State has received 131 grant applications for Medicaid home- and community-based services

Stethoscope on money background
Under its current plans, the state has made $403.7 million available for one-time provider stipends to support program activities.

Home- and community-based service providers to some of the state’s most vulnerable residents are rushing to take advantage of a one-time windfall of federal money that is being handed out by the state.

Just days after it started allowing people to apply for the hundreds of millions, Florida’s Agency for Health Care Administration by Wednesday already had received 131 applications.

The ongoing staffing shortages that have rippled through the nation’s health care industry in the wake of the COVID-19 pandemic is evident in the applications so far.

All but one of the submitted applications was asking for help to bolster the industry from continued job losses and to grow the workforce that provides services to people with intellectual and developmental disabilities.

Under its current plans, the state has made $403.7 million available for one-time provider stipends to support program activities and another $266.6 million in one-time stipends to providers to grow and retain their workforces through bonuses and incentives.

Most of the 130 applications AHCA received were submitted by providers that want to tap into both pots of money. However, there were 22 applications submitted for the support program funds and another 12 applications submitted by providers who want to tap into workforce funds.

Tyler Sununu, President and CEO of the Florida Association of Rehabilitation Facilities, said the large number of applications underscores the crisis home- and community-based services providers are facing.

“Many agencies who provide services through the iBudget Waiver are struggling to keep their doors open as reimbursement levels haven’t kept up with costs,” Sununu told Florida Politics. “I am very thankful the application portal has opened up and providers will be able to get some one-time funding to help keep them providing the vital services they deliver to individuals with intellectual disabilities until a more permanent solution is enacted.”

AHCA Chief of Staff Cody Farrill told lawmakers earlier this month the agency was developing potential distribution methodologies. The formula, he said, will take into consideration providers’ caseloads. But until the agency knows how many applications for the grant money it receives it won’t finalize the distribution formula.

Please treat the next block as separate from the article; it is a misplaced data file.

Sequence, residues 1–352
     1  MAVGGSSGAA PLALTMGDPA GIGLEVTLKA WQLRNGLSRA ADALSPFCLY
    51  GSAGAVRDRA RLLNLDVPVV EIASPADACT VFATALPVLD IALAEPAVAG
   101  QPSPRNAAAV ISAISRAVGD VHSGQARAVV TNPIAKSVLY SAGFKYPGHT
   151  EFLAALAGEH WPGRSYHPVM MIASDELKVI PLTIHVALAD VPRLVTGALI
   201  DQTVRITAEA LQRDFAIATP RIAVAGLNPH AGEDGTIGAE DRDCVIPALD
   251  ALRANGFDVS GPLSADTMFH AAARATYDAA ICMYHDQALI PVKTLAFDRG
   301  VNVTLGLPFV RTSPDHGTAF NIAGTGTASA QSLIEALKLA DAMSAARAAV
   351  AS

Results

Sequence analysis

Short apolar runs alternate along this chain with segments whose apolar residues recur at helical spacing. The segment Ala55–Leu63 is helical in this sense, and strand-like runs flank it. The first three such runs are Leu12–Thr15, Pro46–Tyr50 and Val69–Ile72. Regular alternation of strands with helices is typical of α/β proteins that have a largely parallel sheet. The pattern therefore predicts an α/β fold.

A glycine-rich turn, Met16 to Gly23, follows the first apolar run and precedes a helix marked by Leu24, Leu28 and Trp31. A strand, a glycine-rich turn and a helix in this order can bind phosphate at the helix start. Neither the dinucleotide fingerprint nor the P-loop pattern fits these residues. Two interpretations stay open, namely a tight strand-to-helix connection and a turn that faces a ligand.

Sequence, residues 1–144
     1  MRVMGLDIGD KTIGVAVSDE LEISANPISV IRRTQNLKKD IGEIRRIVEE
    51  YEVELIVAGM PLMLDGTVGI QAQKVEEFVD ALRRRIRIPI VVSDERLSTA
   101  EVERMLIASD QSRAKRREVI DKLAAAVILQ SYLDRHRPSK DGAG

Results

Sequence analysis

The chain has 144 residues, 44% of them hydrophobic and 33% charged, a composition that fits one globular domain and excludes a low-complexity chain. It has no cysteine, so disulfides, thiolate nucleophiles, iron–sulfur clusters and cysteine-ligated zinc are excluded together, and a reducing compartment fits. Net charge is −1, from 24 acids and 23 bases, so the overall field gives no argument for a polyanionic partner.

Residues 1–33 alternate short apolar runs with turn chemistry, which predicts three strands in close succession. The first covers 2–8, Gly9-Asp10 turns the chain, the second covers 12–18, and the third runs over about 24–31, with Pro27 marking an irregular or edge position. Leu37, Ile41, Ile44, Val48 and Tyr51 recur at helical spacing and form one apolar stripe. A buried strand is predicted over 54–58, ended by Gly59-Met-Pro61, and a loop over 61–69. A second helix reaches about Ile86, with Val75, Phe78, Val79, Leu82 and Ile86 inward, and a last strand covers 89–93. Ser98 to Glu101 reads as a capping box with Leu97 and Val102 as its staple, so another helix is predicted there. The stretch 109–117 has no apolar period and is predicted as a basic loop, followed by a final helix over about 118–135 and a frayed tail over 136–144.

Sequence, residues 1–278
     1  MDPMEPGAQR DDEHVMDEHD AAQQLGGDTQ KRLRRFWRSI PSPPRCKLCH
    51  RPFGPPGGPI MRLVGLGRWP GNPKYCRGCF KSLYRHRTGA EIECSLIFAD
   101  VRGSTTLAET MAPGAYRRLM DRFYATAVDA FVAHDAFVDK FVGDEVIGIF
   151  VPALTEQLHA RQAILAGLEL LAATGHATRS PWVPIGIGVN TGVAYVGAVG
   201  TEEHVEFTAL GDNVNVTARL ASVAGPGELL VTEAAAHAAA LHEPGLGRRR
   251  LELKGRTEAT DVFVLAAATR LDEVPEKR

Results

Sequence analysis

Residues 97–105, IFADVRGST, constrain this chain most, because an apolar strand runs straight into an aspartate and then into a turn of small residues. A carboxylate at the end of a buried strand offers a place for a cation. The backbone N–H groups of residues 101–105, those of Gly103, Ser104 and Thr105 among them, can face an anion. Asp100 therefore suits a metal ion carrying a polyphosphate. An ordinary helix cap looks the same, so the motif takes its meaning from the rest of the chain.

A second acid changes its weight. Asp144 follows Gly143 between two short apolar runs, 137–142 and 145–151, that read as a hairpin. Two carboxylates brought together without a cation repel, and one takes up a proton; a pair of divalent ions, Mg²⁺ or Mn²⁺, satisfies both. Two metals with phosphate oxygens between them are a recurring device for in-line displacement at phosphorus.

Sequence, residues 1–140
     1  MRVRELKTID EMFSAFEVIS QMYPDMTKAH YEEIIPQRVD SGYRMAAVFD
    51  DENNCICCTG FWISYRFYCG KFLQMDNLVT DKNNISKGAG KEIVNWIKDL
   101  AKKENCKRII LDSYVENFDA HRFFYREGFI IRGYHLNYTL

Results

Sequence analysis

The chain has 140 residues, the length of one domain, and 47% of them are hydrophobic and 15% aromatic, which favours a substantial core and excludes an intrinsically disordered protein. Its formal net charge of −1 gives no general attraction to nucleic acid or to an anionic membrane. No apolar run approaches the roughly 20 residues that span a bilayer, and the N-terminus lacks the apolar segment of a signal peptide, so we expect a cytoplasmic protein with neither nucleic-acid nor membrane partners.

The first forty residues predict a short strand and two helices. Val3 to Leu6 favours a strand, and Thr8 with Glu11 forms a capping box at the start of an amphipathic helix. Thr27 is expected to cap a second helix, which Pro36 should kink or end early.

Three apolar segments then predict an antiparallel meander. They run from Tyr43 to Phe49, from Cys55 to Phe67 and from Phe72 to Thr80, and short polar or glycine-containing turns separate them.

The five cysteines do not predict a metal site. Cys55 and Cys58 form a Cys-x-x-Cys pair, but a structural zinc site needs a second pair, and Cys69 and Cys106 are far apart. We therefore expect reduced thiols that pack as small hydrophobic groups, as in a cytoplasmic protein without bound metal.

The state also had received one application for grant money being made available for the purchase and installment of delayed egress systems meant to thwart elopement from community group homes. In all, the state is providing $12 million in grant money for those purposes. The state won’t award any grant applicant more than $10,000.

AHCA is accepting grant applications through Feb. 14.

The grants are being made possible after the DeSantis administration moved over the summer to take advantage of a 10% bump in federal Medicaid dollars available under the American Rescue Plan Act.

Most Florida Medicaid patients who receive home- and community-based services either are enrolled in the Medicaid managed long-term care program or the Medicaid iBudget program. The former is for frail and elderly individuals who qualify for nursing home placement but choose to receive assistance with daily living activities, such as eating and dressing, that enable them to continue to live in their homes or another non-institutional setting.

Similarly, the Medicaid iBudget program allows adults with intellectual and developmental disabilities to tap into the home- and community-based services they require to continue living outside an institution and in their family home or a group home.

Christine Jordan Sexton

Tallahassee-based health care reporter who focuses on health care policy and the politics behind it. Medicaid, health insurance, workers’ compensation, and business and professional regulation are just a few of the things that keep me busy.

One comment

  • Breno Cardoso

    December 28, 2021 at 10:31 am

    We need a raise for the caregivers. one time stipend doesn’t help much. Unfortunately if we offer bonuses, staff will take the bonuses and quit. We need funds to better pay our workers as they deserve to get pay more. Imagine douing companion using your own car to get paid $10.00 hourly.

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